[Tweeters] Crested Caracara - YES!!!

Joshua Glant josh.n.glant at gmail.com
Thu Jul 2 23:28:19 PDT 2015


Hello Tweets,

I woke up early this morning to hit the road by 8 AM, excited to try for
the third and probably final time I could chase this wonderful bird. We
arrived in Skykomish at 10:40 AM. Our first stop was at the railroad track
where it was seen on June 26th - nope! Then on to the airfield. I heard
Swainson's Thrushes, MacGillivray's Warblers, a Pine Siskin and a Hammond's
Flycatcher, but saw nothing on the grass but crows and a robin.

After one more fruitless check on the dead-end railroad track on the east
end of Skykomish, we headed straight to Mill Town. We drove all the way
north to the closed bridge, then all the way back, with no caracara to be
found. I checked the tall snags beside the railroad tracks, but the bird
wasn't perched up there, either. I then decided to walk down the trail to
the railroad track. A Yellow Warbler sang a bit like an American Redstart
(not to discount the Redstart reported last week or anything.) I finally
saw a Swainson's Thrush for 2015 (until today, heard-only), and saw a nice
Vaux's Swift twittering over the river, but otherwise the walk didn't
produce much more than a female grosbeak, a pair of pewees, and a scolding
Warbling Vireo. Oh, and lots of robins.

I was walking back to my car, feeling a bit defeated and ready to resign
myself to dip-ression, when a local lady with deep red-brown hair walked
onto the trail with her dog. "You must be looking for the bird!" she said
with a smile. "Yes, I am," I responded. "Well," she continued, "it's a bit
hot right now for the caracara in the forest. He likes to find a cooler
place in the mid-day. I myself like to hide in the shade too when it's this
hot!" She laughed, then added, "Every morning at 5 AM, he catches snakes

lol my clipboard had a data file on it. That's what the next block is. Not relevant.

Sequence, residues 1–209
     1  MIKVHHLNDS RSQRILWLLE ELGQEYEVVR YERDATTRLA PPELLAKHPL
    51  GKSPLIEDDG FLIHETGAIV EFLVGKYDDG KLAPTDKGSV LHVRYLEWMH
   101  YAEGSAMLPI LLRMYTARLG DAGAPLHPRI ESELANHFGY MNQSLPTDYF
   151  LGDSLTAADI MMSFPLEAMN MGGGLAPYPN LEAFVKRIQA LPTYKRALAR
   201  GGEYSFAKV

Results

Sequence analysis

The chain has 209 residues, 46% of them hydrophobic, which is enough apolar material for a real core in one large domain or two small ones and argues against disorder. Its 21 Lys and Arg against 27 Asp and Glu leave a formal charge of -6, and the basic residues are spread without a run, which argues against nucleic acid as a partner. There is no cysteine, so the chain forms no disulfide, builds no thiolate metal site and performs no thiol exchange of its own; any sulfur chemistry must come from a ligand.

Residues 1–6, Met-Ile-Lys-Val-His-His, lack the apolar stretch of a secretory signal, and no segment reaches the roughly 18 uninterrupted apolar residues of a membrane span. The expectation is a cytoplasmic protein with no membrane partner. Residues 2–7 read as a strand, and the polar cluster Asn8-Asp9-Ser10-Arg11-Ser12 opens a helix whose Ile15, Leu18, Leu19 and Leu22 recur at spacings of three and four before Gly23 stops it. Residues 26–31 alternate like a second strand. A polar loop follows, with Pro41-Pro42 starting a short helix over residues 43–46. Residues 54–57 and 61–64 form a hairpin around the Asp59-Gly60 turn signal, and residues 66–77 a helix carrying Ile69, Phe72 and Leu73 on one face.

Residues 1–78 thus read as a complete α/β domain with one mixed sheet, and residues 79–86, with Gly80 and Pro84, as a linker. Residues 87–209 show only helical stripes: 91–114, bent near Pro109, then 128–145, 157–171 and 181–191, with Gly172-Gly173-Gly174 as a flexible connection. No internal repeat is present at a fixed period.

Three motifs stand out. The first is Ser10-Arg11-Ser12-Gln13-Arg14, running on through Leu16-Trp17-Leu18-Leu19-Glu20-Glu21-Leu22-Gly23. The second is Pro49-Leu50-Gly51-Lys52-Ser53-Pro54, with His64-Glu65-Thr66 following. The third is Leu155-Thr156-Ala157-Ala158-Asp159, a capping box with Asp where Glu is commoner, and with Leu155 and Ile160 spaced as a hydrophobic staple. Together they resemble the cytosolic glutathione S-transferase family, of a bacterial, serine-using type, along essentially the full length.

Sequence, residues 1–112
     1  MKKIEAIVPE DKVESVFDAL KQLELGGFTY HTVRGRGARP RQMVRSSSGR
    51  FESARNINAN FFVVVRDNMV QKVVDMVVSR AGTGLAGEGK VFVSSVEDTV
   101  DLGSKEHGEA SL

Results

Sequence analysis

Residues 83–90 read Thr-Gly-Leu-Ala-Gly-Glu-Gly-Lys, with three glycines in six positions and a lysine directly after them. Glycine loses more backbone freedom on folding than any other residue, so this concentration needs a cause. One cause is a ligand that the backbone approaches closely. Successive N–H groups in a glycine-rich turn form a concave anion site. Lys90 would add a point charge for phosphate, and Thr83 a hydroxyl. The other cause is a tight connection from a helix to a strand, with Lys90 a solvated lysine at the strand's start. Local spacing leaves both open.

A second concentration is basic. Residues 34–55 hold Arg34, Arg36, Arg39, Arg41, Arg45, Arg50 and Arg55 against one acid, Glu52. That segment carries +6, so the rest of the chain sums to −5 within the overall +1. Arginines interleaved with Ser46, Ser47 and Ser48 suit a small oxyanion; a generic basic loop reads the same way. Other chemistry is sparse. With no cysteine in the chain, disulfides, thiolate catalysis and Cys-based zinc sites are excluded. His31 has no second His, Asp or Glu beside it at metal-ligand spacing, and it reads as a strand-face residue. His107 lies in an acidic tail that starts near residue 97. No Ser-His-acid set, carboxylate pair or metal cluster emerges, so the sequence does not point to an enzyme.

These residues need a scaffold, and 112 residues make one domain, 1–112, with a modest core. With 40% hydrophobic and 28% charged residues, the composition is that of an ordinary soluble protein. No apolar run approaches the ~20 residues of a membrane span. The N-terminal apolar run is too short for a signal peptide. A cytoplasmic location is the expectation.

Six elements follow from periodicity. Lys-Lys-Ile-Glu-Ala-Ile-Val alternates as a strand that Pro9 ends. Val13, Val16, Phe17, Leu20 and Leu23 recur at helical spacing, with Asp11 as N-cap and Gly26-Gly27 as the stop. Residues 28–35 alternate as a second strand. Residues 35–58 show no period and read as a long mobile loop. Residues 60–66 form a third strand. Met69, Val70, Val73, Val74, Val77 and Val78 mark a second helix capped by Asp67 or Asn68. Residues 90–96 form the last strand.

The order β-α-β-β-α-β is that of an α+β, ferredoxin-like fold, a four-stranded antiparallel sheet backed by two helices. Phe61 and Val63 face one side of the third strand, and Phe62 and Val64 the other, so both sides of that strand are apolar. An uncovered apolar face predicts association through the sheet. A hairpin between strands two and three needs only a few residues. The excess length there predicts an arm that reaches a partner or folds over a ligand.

right in my yard." My eyes widened. "Every day?" I asked. "Yes, every day.
And what's more," she continued, "I just told your Mom that he likes to
hang out in that field with the goats, just north up the road from here." I
checked my phone, and sure enough there were two text that read "Come back
its at another area", and "Lady coming your way with dog just told us".

I thanked the local lady, and she turned back towards the road and began to
walk. I stopped to look at a cute young Red-breasted Sapsucker clinging to
a thin trunk, then hurried back to the car.

Slowly, we rolled past the pasture. I wasn't sure what to expect, or where
to look. From the left passenger seat, I scanned the field. Then the near
fence. Then... Wait a minute, WHAT IS THAT!?!?!? I saw a dark silhouette
perched regally on a shaded, leaning fence post in the back, behind the
waving leaves of a cottonwood. It was the caracara! I was really, actually,
finally seeing the Crested Caracara!

I started to feel a bit of the adrenaline that was already built up, and
though I restrained myself from any expletives, I did utter a series of
awed, excited "Holy crap"s despite myself. "MOM, pull over NOW!"

For the next hour, I watched him (sex is unknown, but I've been calling
this bird a "him") perch, flap, walk around on the ground, scratch, and
generally be a calm, relaxed and completely comfortable caracara. I saw him
itch himself with one yellow leg, and stand with one foot curled, then
tucked in, in a position that reminded my mother of a flamingo.

I shared my binoculars around, and my mother and brother both got good
looks (especially my mom, who was almost as excited as I was). The caracara
relocated himself to a low perch on a cedar branch, offering great views as
he opened his wings, walked around and preened. I finally left the spot at
2:00 PM, with the caracara perched on the cedar branch, still as kingly and
composed as ever, and surveying his current rainforest domain.

I left feeling like I was floating on a cloud. Success at last! I'm still
buzzing with elation at finally seeing the Crested Caracara. Third time's
the charm!

BUT... A small warning!

The owner of the property seems to value his privacy a lot. As we sat on
the roadside watching the caracara. He told us that he was "tired of all
these bird people coming by for two weeks". Another thing he said was,
"DON'T tell anyone that the bird is still here!" And I felt very torn,
stuck between a conflict of interest and a regard to etiquette. In the end,
I felt a responsibility to report the bird's continuing presence, because I
knew how much joy the sighting had brought me. It was a wonderful moment
with my brother and mom that I'll never forget. However, I urge all birders
to try and respect this homeowner's privacy as much as possible. I was
pleased that everyone in Mill Town proved to be very friendly, and as
visitors, we need to return the favor by respecting his wish to keep his
property kept to himself.

Oh, and if you see the lady walking her dog, please do tell her that the
boy she met on the trail with the blue hat thanks her for making my summer
complete!

Good birding, and long long long live Crested Caracaras, Joshua Glant

Mercer Island, WA

Josh.n.glant at gmail.com
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